Climate Resilient Maize for Asia
Climate Resilient Maize for Asia is supported by Germany’s development agency GIZ, and implemented as a public-private partnership, which targets enhanced resilience among resource-poor, maize-based farming families in South and Southeast Asia by providing them with abiotic stress-tolerant maize hybrids adapted to rain-fed stress-prone production systems for crop diversification, intensification and higher yields.
Most of the maize in Asia is grown as a rain-fed crop, which is prone to vagaries of seasonal monsoon rains. This is clearly reflected in the productivity of maize under rain-fed systems — usually less than half of the irrigated system. The erratic distribution pattern of monsoon rains results in drought or water logging at different crop growth stages, which is the main factor responsible for relatively low productivity of rain-fed maize. Due to the possibility of uncertain economic returns, farmers often hesitate to invest in improved seed, fertilizers and inputs, which further add to poor yields of rain-fed maize. Climate change effects are further threatening an already challenging maize mega-environment in the Asian tropics, which are identified as subject to climate change effects, with high vulnerability and low adoption capacity.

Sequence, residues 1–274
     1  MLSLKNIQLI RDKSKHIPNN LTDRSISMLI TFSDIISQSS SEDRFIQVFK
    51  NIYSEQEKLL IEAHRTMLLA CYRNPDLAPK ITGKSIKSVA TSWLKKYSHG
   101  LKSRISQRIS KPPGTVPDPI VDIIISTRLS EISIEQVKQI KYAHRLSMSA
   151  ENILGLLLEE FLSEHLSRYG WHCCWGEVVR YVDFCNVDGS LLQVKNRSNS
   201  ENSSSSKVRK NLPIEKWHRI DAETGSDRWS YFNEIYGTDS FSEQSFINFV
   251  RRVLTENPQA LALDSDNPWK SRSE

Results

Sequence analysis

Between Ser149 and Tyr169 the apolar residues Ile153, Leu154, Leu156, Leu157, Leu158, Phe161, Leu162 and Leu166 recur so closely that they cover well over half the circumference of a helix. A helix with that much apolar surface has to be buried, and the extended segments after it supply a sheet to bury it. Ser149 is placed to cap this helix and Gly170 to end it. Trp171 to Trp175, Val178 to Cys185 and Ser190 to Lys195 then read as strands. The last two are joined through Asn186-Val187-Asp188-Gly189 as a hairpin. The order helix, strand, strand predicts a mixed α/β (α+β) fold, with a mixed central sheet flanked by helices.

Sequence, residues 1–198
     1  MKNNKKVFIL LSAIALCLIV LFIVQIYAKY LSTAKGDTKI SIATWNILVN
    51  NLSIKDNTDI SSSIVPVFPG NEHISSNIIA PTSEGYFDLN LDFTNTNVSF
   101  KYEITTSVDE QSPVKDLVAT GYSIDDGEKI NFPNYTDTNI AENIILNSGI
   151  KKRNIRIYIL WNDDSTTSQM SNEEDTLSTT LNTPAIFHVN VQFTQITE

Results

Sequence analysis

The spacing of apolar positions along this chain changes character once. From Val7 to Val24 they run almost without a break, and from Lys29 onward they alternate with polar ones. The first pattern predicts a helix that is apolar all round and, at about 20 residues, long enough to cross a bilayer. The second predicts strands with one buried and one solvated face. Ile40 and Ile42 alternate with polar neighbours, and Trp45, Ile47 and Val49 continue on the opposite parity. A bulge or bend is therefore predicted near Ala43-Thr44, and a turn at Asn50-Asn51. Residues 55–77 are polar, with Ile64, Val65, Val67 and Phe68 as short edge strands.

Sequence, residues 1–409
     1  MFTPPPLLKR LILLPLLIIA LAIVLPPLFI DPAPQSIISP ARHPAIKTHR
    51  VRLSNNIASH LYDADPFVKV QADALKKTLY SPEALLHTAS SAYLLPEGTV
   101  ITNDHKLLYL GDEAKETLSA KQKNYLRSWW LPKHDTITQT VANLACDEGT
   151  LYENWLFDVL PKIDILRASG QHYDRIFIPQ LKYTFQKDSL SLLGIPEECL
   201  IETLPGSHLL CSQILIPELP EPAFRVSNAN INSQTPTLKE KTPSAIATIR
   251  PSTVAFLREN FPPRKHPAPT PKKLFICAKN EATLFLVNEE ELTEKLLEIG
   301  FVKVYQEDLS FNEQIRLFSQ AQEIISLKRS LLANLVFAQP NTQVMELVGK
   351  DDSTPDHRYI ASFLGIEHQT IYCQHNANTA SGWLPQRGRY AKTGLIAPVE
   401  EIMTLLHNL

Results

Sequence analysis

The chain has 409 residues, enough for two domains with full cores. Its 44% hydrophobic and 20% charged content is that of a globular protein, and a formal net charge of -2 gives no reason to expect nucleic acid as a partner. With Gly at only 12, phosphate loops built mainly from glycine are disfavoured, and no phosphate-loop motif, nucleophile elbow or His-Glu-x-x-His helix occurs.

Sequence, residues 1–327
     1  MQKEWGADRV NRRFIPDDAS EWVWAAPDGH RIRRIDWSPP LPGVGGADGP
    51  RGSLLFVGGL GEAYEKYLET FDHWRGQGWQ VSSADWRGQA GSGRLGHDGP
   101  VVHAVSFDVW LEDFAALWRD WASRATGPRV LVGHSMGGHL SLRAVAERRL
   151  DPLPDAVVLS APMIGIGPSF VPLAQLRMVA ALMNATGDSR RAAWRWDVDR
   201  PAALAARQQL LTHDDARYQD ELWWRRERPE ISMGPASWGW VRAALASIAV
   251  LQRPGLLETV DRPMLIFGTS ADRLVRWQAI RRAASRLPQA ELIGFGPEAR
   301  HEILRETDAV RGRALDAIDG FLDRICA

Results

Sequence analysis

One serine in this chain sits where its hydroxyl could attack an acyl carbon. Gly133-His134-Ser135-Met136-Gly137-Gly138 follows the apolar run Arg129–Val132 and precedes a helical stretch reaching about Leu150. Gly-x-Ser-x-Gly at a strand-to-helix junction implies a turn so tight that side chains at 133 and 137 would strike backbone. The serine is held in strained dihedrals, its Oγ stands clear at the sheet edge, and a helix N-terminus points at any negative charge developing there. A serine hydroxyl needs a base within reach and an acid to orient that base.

The project deals with high priorities of Asian stakeholders related to improving maize production in the face of current and anticipated effects of climate change and access to diverse and valuable maize germplasm, building upon the GIZ-funded project known as “Abiotic stress tolerant maize for increasing income and food security among the poor in South and Southeast Asia,” where significant progress is being made towards understanding the rain-fed stress-prone agro-ecologies in South and Southeast Asia, development of improved maize germplasm with enhanced levels of tolerance to drought, waterlogging or combined stress tolerance.